The future of mobility is upon us.
A network of “smart” traffic signals is headed for some of the region’s busiest thoroughfares. The system relies on Connected Vehicle (CV) technology – cars that talk to each other and to traffic signals and other infrastructure around them – to improve safety and efficiency.
The new tech promises some really cool, and potentially lifesaving, benefits.
CV technology can pre-empt traffic lights, keeping busses on schedule and saving precious seconds for emergency vehicles. Smart signals can also alert drivers to when a traffic signal is getting ready to turn red, giving drivers a little extra time to stop or slow down.
With a $10 million budget, the initiative is a significant investment for the region. Through a partnership between the Georgia Department of Transportation and the Atlanta Regional Commission, the goal is to equip 1,000 intersections with CV technology.
But that’s only part of the equation – more vehicle manufacturers are announcing plans to standardized CV technology in their cars. Ford has announced plans to deliver full connectivity in their fleets of vehicles starting in the 2022 model year.
ARC Chairman Kerry Armstrong said that the program will help boost safety and mobility across metro Atlanta. “It’s especially encouraging to see this program develop as a truly collaborative effort involving not just ARC and GDOT, but also local governments and CIDs,” he said in a recent news release from GDOT.
So when communicative cars are rolling out on the nation’s roads en masse, the region will be ready for them.
Take a look at some recent examples of metro Atlanta communities implementing ITS and CV systems:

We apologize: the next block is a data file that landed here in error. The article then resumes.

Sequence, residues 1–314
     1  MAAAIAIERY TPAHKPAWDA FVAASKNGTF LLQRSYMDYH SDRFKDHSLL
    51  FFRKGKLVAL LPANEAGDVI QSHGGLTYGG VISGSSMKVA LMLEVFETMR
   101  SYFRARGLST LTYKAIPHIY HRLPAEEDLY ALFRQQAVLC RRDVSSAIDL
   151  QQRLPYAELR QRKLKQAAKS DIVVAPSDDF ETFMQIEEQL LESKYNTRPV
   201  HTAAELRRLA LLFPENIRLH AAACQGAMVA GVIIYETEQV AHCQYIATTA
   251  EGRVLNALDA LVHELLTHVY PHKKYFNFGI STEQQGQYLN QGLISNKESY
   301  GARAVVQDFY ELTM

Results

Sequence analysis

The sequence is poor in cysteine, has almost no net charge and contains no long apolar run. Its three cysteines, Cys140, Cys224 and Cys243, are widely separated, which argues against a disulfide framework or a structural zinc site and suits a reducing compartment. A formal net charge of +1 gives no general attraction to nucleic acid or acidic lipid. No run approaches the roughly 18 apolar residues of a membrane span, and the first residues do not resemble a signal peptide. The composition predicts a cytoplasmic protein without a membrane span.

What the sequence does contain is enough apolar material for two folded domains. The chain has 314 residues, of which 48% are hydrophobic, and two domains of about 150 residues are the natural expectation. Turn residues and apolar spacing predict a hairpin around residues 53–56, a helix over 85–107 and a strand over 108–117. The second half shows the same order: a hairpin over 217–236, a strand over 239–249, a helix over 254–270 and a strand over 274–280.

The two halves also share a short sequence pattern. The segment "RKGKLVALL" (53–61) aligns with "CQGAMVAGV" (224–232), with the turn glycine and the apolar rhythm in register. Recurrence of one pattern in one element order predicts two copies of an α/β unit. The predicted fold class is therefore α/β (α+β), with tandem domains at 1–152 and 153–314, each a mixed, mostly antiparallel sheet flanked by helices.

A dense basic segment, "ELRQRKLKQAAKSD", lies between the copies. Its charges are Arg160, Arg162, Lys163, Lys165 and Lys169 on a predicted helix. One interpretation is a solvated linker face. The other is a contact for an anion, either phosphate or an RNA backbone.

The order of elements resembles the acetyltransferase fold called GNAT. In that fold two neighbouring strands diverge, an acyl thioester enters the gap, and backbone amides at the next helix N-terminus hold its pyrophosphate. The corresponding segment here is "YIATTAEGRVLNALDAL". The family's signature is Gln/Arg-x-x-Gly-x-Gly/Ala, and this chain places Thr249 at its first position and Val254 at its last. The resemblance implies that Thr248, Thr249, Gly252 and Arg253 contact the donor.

In August, the North Fulton CID approved CV for 44 intersections in North Fulton. Improvements include emergency vehicle signal pre-emption, transit vehicle signal priority, and audio cues for drivers. The system will also offer an app that users can download to connect with the technology.
Sandy Springs adopted an ITS Master Plan in late 2019 with the goal of improving safety, mobility, and efficiency in its transportation network. Along with CV communications technology, the plan calls for new beacons, CCTV cameras, and other equipment upgrades to complement the improvements.
As part of the Georgia Smart Communities Challenge, Gwinnett rolled out the Connected Vehicle Technology Master Plan in Nov 2019. The plan focuses on Peachtree Industrial Boulevard as the first corridor to receive CV improvements like signal pre-emption and priority, and signal-to-driver communications.
Thanks to funding from ARC’s Livable Centers Initiative (LCI) and the Aerotropolis Community Improvement Districts, Virginia Avenue – a two-mile corridor near Hartsfield-Jackson Atlanta International Airport – is being evaluated with the goal implement autonomous and connected vehicles.
Want to learn more about connectivity and mobility in metro Atlanta?
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What’s Next ATL, produced by the Atlanta Regional Commission, is a community resource that explores how metro Atlanta is growing and changing, and how the region is addressing its most pressing challenges.